Self-capitalization is a way of increasing the company's resources with its own funds. At the same time, greater third-party financing is avoided.
As a consequence of this policy, the company's capital stock will increase and the level of indebtedness will be reduced.
The two specific actions that are part of self-capitalization are:
- Minimum distribution of dividends: This means that the company will not distribute the benefits obtained, but that these will accumulate in the capital stock.
To put it another way, it is as if the owners of the organization agreed to reinvest the profits. Thus, they may allocate the profits of the last fiscal year, for example, to the acquisition of new machinery or to the implementation of a business expansion plan. By making this decision, shareholders are giving up higher income in the short term.
- Minimum indebtedness policies: The firm will try not to request further financing from third parties, that is, from the bank. The main advantage of this is that financial expenses (interest payments) will not increase.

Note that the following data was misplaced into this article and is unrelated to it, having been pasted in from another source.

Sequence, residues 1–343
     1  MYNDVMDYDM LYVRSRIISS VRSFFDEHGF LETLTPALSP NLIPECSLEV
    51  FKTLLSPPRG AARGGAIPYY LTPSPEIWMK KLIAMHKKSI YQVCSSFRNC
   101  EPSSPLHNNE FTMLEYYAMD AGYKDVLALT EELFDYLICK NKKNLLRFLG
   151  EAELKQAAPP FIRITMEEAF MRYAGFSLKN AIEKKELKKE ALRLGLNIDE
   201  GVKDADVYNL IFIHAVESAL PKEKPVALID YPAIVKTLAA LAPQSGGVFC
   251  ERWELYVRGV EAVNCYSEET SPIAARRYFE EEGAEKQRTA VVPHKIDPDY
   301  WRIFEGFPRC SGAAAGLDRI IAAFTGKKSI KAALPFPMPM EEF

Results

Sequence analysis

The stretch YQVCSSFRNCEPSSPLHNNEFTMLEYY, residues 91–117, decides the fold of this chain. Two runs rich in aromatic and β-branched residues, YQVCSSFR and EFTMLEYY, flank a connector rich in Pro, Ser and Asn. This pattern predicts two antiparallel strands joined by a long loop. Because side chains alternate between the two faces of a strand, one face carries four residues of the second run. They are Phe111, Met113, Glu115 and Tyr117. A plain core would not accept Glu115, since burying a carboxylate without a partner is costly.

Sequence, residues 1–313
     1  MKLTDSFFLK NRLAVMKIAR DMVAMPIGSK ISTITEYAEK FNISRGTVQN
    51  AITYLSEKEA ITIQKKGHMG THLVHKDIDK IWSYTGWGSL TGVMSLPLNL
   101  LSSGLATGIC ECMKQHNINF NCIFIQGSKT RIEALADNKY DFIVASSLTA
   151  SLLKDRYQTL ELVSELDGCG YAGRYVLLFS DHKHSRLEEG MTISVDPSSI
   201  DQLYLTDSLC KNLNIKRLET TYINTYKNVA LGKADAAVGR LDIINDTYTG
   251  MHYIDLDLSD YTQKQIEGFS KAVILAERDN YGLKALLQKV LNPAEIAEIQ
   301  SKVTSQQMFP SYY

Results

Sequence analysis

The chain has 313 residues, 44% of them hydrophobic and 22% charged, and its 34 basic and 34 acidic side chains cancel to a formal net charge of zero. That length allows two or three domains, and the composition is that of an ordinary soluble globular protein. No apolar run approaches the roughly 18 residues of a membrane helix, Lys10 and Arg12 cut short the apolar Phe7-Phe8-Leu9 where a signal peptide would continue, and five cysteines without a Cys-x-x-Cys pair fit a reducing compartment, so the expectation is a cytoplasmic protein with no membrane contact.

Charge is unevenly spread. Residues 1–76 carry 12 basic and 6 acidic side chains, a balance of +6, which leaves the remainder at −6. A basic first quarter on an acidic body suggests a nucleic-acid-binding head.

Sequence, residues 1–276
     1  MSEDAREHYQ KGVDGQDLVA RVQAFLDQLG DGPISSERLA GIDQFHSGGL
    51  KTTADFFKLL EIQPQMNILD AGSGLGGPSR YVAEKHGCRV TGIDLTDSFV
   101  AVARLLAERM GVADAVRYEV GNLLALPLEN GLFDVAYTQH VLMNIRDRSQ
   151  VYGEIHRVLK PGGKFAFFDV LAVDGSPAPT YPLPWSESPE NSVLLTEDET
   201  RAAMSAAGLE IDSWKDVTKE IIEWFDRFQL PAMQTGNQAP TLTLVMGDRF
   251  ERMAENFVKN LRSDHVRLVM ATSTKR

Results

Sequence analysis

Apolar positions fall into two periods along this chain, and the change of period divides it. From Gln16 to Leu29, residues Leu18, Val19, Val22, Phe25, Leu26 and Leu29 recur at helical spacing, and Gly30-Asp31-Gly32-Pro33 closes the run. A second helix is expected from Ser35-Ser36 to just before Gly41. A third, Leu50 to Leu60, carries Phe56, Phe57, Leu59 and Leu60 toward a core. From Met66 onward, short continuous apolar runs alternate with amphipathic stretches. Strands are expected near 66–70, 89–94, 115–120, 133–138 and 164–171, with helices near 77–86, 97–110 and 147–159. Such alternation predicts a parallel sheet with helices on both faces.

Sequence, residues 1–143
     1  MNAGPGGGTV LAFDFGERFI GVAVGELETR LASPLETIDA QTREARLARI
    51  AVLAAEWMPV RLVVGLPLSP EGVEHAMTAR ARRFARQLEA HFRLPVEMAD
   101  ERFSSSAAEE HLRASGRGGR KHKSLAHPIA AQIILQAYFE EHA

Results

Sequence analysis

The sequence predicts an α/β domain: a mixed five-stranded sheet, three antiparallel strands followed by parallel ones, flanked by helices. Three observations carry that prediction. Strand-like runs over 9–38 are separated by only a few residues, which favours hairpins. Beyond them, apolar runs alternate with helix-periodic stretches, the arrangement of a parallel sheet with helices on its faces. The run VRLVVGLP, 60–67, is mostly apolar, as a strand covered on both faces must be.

However, we must take into account that, the higher the interest generated, the lower the net profit before taxes. So the pending taxes are lower.
In conclusion, a higher level of indebtedness could mean less effective outflows of money (and vice versa) for taxes.
It is worth mentioning that both actions of self-capitalization described can be taken together or only one of them.
Example of self-capitalization
A company makes a net profit in the last fiscal year, for example, of US $ 1,000. Unlike previous periods, the directors decide that no dividends will be distributed.
Thus, the proceeds are used for the acquisition of machinery for US $ 500 and the rest is accumulated in the capital stock of the firm, that is, in equity.